6 Correct reasoning We said that logic is the study of correct reasoning. In logic, correct reasoning is reasoning that preserves truth. Put differently, correcting reasoning is reasoning in which true premises leads to true conclusions. When we put this technically, we use the term validity or more precisely still deductive validity. The precise definition of deductive validity is this: An argument is deductively valid if and only if its conclusion is true whenever its premises are all true. (p.17). Again, the term valid is a technical term for us. In English we use the term to mean a lot of different things, but in logic it means just what we said and nothing else. There are ways of expressing logical validity that mean the same thing, however. Here are two other common and equivalent ways of defining validity. An argument is deductively valid if and only if it is impossible for the premises to be true and the conclusion false. An argument is deductively valid if and only if, given the truth of the premises, the conclusion must also be true.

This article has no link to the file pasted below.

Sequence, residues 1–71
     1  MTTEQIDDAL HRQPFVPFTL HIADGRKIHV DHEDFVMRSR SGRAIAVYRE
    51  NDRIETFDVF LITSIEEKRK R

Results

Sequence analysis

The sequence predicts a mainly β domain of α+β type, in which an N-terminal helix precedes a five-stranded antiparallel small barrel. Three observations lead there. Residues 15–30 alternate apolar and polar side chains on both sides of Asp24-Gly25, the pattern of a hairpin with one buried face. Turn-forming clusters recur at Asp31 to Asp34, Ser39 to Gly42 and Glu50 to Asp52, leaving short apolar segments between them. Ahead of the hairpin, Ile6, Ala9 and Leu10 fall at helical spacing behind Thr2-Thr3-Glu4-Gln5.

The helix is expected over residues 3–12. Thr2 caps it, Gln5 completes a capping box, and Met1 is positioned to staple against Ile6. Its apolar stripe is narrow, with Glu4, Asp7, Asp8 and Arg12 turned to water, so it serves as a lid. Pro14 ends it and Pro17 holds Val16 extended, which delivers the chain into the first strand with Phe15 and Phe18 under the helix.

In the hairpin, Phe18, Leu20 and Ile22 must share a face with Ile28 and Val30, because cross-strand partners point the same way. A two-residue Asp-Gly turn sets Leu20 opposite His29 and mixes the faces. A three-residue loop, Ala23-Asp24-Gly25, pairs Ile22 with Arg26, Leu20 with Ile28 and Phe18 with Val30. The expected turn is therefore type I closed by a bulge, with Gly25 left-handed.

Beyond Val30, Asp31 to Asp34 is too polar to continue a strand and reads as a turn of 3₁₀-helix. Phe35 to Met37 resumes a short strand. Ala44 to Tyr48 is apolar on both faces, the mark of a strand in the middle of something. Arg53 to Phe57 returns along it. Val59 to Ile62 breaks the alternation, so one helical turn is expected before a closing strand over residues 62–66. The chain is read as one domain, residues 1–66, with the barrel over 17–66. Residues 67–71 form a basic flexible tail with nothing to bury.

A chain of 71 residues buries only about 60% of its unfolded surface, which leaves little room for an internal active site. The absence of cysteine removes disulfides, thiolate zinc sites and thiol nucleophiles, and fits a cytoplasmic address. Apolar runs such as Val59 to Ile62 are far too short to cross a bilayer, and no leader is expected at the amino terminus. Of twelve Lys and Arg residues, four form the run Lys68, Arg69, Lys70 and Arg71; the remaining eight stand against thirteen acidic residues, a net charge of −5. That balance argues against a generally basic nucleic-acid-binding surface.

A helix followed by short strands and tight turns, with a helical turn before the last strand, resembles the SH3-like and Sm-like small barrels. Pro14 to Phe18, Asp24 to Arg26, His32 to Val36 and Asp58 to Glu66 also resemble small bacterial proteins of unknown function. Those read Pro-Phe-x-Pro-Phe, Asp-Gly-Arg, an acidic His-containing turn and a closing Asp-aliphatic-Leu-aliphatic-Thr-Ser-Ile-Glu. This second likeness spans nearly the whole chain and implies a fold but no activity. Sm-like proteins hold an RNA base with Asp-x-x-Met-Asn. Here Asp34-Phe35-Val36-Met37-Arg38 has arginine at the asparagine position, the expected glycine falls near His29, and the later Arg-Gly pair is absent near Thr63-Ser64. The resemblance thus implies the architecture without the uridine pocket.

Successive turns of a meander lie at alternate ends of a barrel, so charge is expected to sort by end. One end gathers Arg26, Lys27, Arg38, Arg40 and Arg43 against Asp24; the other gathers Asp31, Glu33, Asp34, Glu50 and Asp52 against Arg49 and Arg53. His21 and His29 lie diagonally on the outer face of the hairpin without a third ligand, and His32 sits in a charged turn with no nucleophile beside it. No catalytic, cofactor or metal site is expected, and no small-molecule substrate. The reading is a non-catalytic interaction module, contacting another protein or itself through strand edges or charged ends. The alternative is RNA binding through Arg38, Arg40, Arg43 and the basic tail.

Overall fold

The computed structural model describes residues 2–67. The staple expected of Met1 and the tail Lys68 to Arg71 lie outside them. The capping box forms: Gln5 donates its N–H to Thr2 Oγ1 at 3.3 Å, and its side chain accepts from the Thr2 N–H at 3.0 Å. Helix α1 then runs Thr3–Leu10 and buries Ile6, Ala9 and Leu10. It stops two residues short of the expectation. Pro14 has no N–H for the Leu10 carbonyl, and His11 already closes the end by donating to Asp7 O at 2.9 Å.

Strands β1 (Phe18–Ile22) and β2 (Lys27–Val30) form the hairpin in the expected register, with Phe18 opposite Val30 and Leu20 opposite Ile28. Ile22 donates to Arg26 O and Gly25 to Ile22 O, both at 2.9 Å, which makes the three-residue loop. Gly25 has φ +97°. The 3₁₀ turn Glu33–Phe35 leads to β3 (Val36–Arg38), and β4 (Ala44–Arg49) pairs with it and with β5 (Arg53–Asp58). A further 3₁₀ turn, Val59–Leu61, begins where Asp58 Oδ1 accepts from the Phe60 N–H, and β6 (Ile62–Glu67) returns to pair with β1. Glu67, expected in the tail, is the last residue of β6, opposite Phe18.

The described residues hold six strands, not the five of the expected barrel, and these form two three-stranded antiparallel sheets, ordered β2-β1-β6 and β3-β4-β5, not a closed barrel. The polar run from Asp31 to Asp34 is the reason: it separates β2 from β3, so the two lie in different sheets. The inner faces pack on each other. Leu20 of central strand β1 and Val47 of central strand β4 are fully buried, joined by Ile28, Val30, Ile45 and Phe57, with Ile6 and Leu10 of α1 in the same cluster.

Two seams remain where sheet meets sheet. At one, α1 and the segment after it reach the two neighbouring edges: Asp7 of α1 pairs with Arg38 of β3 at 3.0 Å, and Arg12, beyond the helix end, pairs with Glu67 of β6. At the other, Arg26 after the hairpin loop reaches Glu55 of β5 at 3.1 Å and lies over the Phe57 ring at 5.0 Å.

7 Validity vs. truth It is very common for people to think they understand the concept of validity when they are actually confusing it with the concept of truth. For example, even though they can define the concept of deductive validity, many people will say that the following argument is not valid. 1. All dogs can whistle. 2. All cats can yodel. 3. Everything is either a cat or a dog. 4. Therefore, everything can either whistle or yodel. People who say the argument is not valid are usually just temporarily forgetting what validity means. It s pretty obvious that whenever the first three statements are true, the conclusion is true. The problem is that the first three statements are so clearly false that we find ourselves wanting to call it invalid for that reason. So the important point to remember is that validity has nothing to do with the actual truth of the premises. It only has to do with what happens to the truth of the conclusion if we assume the premises are true.